Should we convert to a fixed interest rate mortgage

I noticed that interest rate has gone up by another 25 to 30 basis points recently. So since the beginning of 2010, interest rate has jumped by a whole percentage point. It went up three times last year and once this year. And yes, there will be more hikes in the future. As a result of the increase, the monthly payment for borrowers who signed up for variable rate interest rate mortgage has also gone up.

The quantum of the increase will depend on the amount borrowed and of course, the actual percentage increase. The higher the loan amount and obviously, the higher the interest rate, the higher will be the quantum of increase to the borrower.

So it is no surprise that I’ve been getting questions, both through the e-mail and from people that I meet, that goes like this: “Should I convert to a fixed interest rate mortgage?” I sense much uneasiness in their voices. While theyare probably coping with the slightly higher payment now, they know they will face some problems should interest rate continue to rise. So they want to have an idea of what they can do to protect themselves.

Before I answer the question, let’s go back to the beginning. The main reason most people chose variable rate interest rate mortgages is because of the lower interest charged compared to fixed rate interest rate mortgages, which equals a lower monthly payment. The lower monthly payment will enable them to take a higher mortgage or buy a bigger house or have more money at their disposal. So although some people do realize that they are taking a higher risk by opting for the variable rate interest rate mortgage as the payment can rise if the interest rate shoots up (which is exactly what’s happening now), the lower monthly payment is too much of an attraction to turn down.

Actually, if the situation had remained the same – interest rate remained at the current low levels and property prices keep doubling every three years – then their decision would have been spot on.

However, and I’m so sorry about this, that is not going to be the situation for much longer. Yes, dear readers, the interest rate will continue to rise in the coming days. One reason for this is because Bank Negara need to raise the interest rate to combat the rising inflation. (There are more reasons of course but that would suffice for the purpose of this article.) While the rise may be just 25 basis points for now, it may actually jump higher in the future.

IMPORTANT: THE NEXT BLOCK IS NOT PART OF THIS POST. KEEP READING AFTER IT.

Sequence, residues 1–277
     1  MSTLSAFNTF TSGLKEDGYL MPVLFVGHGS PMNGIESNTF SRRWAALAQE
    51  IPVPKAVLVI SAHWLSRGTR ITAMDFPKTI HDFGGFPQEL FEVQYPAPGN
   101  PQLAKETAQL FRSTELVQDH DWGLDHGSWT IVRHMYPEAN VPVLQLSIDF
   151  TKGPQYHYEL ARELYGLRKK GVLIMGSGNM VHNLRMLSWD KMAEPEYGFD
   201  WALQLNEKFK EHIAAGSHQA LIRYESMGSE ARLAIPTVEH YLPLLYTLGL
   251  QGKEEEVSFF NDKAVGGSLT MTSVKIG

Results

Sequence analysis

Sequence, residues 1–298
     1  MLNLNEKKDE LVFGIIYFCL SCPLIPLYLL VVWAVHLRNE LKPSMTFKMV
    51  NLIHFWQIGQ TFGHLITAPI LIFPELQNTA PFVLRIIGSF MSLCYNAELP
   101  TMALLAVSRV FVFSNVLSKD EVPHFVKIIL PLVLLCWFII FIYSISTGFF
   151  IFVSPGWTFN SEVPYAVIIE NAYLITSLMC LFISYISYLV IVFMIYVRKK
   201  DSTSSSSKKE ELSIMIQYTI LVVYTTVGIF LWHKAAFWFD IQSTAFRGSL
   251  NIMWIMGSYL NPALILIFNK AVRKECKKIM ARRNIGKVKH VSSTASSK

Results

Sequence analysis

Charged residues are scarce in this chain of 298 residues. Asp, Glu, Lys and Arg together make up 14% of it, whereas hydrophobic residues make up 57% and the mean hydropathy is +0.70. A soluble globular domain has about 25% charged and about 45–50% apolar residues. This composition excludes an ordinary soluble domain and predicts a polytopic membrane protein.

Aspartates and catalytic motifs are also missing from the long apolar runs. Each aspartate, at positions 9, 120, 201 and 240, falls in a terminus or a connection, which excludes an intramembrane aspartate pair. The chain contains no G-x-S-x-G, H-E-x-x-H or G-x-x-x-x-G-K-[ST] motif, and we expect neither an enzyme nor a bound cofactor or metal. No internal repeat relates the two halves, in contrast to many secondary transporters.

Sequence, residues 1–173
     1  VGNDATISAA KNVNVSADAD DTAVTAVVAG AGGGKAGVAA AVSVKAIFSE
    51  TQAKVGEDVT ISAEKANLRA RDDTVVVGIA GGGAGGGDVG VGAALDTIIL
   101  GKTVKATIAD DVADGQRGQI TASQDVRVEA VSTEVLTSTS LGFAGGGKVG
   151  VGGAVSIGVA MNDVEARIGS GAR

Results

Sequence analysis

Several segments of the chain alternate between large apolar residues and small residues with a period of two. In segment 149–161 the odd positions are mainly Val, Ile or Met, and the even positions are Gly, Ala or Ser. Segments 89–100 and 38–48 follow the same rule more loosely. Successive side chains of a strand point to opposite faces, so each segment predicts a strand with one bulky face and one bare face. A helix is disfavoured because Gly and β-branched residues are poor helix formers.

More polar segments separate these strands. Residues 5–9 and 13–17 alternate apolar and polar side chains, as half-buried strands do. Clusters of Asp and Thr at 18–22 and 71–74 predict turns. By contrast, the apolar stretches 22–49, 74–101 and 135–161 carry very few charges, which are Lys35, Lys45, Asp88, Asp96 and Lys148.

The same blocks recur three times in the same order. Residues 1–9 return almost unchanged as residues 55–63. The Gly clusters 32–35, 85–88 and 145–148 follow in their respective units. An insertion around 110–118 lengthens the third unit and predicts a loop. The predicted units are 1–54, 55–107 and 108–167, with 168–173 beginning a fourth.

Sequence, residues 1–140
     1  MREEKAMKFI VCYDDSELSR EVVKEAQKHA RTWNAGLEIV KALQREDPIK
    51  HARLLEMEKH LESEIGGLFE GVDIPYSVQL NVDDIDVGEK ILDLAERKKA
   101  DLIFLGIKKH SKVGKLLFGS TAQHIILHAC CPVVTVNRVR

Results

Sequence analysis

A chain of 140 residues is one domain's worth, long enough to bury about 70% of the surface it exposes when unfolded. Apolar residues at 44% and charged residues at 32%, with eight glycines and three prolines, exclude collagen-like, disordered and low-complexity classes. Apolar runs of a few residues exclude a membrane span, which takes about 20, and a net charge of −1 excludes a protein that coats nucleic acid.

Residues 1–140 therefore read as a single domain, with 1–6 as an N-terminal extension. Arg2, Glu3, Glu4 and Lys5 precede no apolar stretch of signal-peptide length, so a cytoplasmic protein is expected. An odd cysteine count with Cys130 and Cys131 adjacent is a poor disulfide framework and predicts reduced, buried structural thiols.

And obviously when interest rate jumps, the monthly payment of the variable rate interest rate mortgages will also jump with it. Needless to say, that will lead to much pain to the borrowers.

So the answer to the question is this: If you cannot handle the extra payment once interest rate rises, then you must convert your mortgage to a fixed rate interest rate mortgage. If the tenure of your mortgage is longer than ten years, then you may want to do the same.

Why? Because you will (1) be protected from interest rate rises throughout the period; (2) avoid much pain when the interest rate rises; (3) be able to make your payment on a regular basis; (4) be able to keep the house; (5) sleep better at night knowing your downside is covered.

Yes, by converting to a fixed rate interest rate mortgage, you will be making a slightly higher payment now compared to a variable interest rate mortgage, but you will be paying a much lower sum in the long run when interest rate rises.

At the end of the day, there are is perfect answer when it comes to money. There’s always pluses and minuses to the various financial products and instruments. Like the saying goes: To gain some and to lose some. In this case, to cover your downside from future interest rate hikes, you must be willing to cough up higher payment now by converting to a fixed rate interest rate mortgage.

It is a worthwhile sacrifice that I’ve done myself. - By Azizi Ali (StarProperty)

1 comment

July 7, 2011 at 8:02 PMSam

I hv sign my sap with varieable rate, I still can change to fix rate?? Mine is pbb. AnybOdy know this?